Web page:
Raymond Barlow, assistant head of planning and building standards of Glasgow City Council, told MSPs a search had revealed combustible cladding had been used on some private properties.
He said the local authority - which is the largest in Scotland - had only recently notified Scottish ministers about the matter and had not told either the Scottish Fire and Rescue Service or the owners of the buildings concerned.
“We’re simply saying we’re supplying the information to Scottish ministers and then we wish to see what they wish to do with the information before we take it further,” he told members of the Scottish Parliament’s Local Government and Communities Committee.
Mr Barlow refused to say how many buildings could have combustible cladding, saying only that he was “wary” about speaking about the extent to which high rises in the city are affected.
The exact number of people killed when fire swept through the Grenfell Tower building in London on June 14 is still not confirmed - although the Metropolitan Police say the death toll “may come down a little bit’’ from the current estimate of about 80.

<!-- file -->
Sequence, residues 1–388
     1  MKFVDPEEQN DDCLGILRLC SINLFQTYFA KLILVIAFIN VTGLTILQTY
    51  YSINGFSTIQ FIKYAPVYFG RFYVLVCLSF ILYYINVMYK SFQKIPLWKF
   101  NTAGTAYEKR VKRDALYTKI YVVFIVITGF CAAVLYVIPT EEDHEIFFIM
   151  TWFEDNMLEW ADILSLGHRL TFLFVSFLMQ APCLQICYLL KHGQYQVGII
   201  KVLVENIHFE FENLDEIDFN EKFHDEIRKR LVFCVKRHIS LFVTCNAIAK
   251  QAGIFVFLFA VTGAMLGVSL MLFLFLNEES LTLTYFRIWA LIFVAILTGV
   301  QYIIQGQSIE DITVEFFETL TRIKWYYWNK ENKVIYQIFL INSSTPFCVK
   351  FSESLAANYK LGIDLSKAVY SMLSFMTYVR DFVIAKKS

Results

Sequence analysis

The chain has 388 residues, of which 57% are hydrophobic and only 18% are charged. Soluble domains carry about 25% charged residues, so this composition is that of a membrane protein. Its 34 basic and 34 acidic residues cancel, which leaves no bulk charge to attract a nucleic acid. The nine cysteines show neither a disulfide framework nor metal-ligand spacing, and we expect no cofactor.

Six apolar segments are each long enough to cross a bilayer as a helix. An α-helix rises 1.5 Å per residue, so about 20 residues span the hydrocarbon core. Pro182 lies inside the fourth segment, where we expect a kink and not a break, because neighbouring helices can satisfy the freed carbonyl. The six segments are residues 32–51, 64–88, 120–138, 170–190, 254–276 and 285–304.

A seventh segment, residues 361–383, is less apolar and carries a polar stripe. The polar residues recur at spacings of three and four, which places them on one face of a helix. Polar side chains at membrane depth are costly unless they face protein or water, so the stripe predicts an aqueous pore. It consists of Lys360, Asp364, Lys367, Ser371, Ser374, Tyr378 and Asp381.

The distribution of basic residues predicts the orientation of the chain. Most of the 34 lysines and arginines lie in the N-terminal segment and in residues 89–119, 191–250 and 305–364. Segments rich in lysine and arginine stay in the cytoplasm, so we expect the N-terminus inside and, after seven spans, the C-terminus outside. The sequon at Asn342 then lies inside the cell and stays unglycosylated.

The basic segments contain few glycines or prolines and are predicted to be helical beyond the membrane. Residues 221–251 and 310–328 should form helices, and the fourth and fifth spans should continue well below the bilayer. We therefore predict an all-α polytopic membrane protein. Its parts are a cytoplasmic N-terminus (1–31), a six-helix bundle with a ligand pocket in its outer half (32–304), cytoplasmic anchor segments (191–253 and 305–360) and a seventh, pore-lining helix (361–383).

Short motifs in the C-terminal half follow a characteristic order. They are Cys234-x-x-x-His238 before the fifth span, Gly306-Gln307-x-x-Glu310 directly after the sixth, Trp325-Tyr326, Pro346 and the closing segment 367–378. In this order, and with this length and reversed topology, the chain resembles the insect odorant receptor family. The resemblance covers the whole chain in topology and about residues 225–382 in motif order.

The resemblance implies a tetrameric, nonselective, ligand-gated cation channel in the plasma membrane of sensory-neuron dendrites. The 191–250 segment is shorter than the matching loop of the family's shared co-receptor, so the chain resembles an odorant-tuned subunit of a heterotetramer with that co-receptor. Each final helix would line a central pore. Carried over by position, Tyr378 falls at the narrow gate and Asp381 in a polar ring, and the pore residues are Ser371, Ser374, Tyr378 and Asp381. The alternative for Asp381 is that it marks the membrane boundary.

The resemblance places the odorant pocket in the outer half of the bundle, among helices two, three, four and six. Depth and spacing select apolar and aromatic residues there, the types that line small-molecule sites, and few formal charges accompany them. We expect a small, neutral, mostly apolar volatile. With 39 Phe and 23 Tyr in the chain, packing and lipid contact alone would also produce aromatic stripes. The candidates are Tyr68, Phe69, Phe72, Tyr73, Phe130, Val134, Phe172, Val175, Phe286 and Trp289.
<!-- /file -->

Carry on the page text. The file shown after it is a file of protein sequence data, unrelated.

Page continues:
Mr Barlow said an initial check on housing association flats in the city had not found any combustible cladding, telling the committee: “Our trawl and our research from then on was very much on private flatted developments, and that information we only managed to complete in the last couple of weeks, and I have passed it over to the ministers.”
Convener Bob Doris then asked him: “So, combustible cladding has been found in some private properties?”
The council official responded: “Yes, it’s just not public information yet.”
Mr Doris replied: “It’s now public information because you are telling us.”